While it may be true that on the Internet no one can tell you're a dog, I suspect we're never going all like the same dog food.

Friday, February 03, 2006


I've recently had the chore (nee "opportunity") of putting together some test scripts using STAF/STAX. To be fair, I should also mention that IBM internally also has several layers of test tooling built on top of STAF and STAX to make testing "easier". "Easier" in the previous sentence was originally going to be "easier [sic]", but I'll withhold final judgement until I learn enough to have an informed opinion.

STAF makes a lot of sense to me -- it's a simple service-based distributed framework with enough low-level services (processes, events, logging, file manipulation, etc.) provided that you can build more interesting higher-level services.

STAX, however, just rubs me the wrong way. STAX is a programming language for test environments. For some reason known only to their mothers and respective deities, the folks who put together decided to use XML for a programming language. Now don't get me wrong -- I have nothing against XML per se. I have used it to represent data on several occasions and am continually amazed at the XSLT tricks that skilled practitioners manage to pull out of their butts. Let's consider briefly what makes XML a good way to express data.

1. It is self-contained. That is, you don't HAVE to have any external meta-information (character set, schema, etc.) to successfully parse it. This makes working with XML data fairly simple -- any XML parser can read any XML file. Note that this assumes you don't need to do validation -- that still requires some meta-information about what constitutes "valid".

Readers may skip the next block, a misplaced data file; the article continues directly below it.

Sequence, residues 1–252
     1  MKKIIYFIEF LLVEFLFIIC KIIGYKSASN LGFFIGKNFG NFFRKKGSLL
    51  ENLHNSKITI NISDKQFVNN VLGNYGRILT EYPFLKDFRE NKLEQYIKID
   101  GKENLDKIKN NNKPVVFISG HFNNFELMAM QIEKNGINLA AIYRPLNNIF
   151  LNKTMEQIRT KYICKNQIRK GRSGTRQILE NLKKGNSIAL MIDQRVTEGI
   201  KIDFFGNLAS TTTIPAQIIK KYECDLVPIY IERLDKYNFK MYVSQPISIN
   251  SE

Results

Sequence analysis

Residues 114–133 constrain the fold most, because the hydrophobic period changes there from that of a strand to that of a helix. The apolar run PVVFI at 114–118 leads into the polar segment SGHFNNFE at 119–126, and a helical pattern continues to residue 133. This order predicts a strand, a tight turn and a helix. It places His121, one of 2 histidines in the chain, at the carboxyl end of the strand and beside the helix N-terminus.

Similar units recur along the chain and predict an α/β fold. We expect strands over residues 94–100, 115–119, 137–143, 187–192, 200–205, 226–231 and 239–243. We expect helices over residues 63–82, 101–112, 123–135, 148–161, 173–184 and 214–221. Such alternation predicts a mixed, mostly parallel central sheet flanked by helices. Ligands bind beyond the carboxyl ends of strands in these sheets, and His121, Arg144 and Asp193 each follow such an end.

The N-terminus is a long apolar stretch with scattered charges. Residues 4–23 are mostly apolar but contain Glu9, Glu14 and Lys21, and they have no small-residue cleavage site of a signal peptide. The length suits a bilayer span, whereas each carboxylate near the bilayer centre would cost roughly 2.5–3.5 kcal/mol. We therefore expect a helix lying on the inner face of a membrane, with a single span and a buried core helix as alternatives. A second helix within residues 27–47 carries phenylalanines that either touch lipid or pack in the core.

2. The data is extensible. Namespaces allow 3rd (or 4th or 5th or...) parties to augment the data in any way they see fit without hosing each other.

3. There are really cool mechanisms like XPath, XQuery and XSLT that allow the data to be easily reorganized and combined with other data in ways the original author never intended.

How many of these are applicable to test scripts? Let's see...

1. What kind of metadata do you need for a test script? Perhaps some information about the environment needed to execute the script, change history, build instructions, etc. Does STAX let you put any of this in the test script? Not as far as I can tell. How about having multiple parsers? Only a test script interpreter/compiler is ever going to read these. We've known for decades how to define programming languages precisely enough that multiple people can independently write compilers.

2. You can't add new constructs to a programming language without hacking the interpreter/compiler.

3. I can't tell you how many times I've wanted to know how many "if" statements there are in my test scripts. Oh wait, yes I can -- NEVER!

And not only does using XML as a programming language NOT give you any benefits, you get to do a lot of extra typing as well! I need to scrounge some venture capital to start a company that manufactures steel <, > and / keys.

But the insanity doesn't stop there. The folks who put together STAX *were* bright enough to figure out that XML was totally inappropriate for writing expressions (which you tend to do a lot of in programming languages). Kudos for that. They elected to use Jython for expressions. Kudos again.

Now why the hell didn't they figure out that they should have used Jython (or Ruby or JavaScript or ...) for the whole language!?!